06/12/2001 12:00AM

Designed for Luck puzzle for bettors in feature


INGLEWOOD, Calif. - When trainer Vladimir Cerin starts Grade 1 comebacker Designed for Luck in race 7 at Hollywood on Thursday, the comparisons with the dreadful comeback of Early Pioneer - another Grade 1 Cerin trainee - will be inescapable. Bettors will wonder whether to love Designed for Luck or to love him not.

Several factors favor Designed for Luck in the 1 1/16-mile turf race. He won the Hollywood Derby last fall but was disqualified for interference, so he fits on class; his workouts are strong; Cerin typically does well with comebackers; and his speed figures suggest he is the horse to beat.

All that is fine, but the attributes of Designed for Luck correspond with the attributes of Early Pioneer, who beat only one horse in his comeback eight days ago. For that race, Cerin admits he was in a hurry. "I rushed Early Pioneeer a little bit to try to make the Gold Cup," he said. "I'm not rushing Designed for Luck."

A good field of classified turf runners entered the Thursday feature, including Inglewood runner-up National Anthem, consistent Quianlong, droppers Dunhill and Sarafan, and South American import Last Parade. It is a good field in which Designed for Luck is anything but a lock. He is expected to perform better than Early Pioneer, however.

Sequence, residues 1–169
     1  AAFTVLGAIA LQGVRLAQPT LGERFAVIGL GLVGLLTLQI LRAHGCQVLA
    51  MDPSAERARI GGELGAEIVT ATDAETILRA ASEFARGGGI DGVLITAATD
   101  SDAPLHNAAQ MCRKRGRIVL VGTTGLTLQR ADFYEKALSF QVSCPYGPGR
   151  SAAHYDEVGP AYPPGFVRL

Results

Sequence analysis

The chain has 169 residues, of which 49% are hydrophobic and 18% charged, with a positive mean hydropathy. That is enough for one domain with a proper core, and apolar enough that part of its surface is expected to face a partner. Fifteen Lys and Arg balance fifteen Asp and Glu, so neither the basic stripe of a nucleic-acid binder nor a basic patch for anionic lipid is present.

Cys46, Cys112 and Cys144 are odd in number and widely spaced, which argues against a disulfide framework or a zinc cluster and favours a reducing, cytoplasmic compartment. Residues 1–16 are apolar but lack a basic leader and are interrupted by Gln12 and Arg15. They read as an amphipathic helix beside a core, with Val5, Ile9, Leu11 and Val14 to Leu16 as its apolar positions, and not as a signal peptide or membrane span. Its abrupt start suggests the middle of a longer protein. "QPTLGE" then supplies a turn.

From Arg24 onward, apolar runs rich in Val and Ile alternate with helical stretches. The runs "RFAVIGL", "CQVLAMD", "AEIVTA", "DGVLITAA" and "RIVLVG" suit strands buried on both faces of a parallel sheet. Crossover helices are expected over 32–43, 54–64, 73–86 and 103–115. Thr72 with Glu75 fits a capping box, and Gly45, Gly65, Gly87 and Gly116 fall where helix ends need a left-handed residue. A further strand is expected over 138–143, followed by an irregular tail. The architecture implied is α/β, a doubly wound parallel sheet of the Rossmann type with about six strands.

Designed for Luck, owned by David and Holly Wilson, was freshened following a runner-up finish Dec. 26 at Santa Anita. "He just wasn't training well, and the good thing about training for Mr. and Mrs. Wilson is that when they're not right, you don't have to run them."

And now? "He's right," Cerin said. "Physically, he's fit, but he's the kind of horse that probably needs a race to get mentally fit."

Designed for Luck was claimed by Cerin and the Wilsons for $62,500 in 1999, and has earned $212,385 since the claim. The Hollywood Derby disqualification (Designed for Luck was placed fifth) cost them $290,000. While the Thursday feature would be a nice start to a summer campaign, the same applies to National Anthem.

Trained by Ron McAnally, National Anthem won his U.S. debut gate to wire March 8, then finished second in the Grade 3 Inglewood April 21. Foot problems stalled his progress, and he will race Thursday for the first time in nearly two months. With a potential pace advantage, and a finishing kick, the 5-year-old is the most likely winner.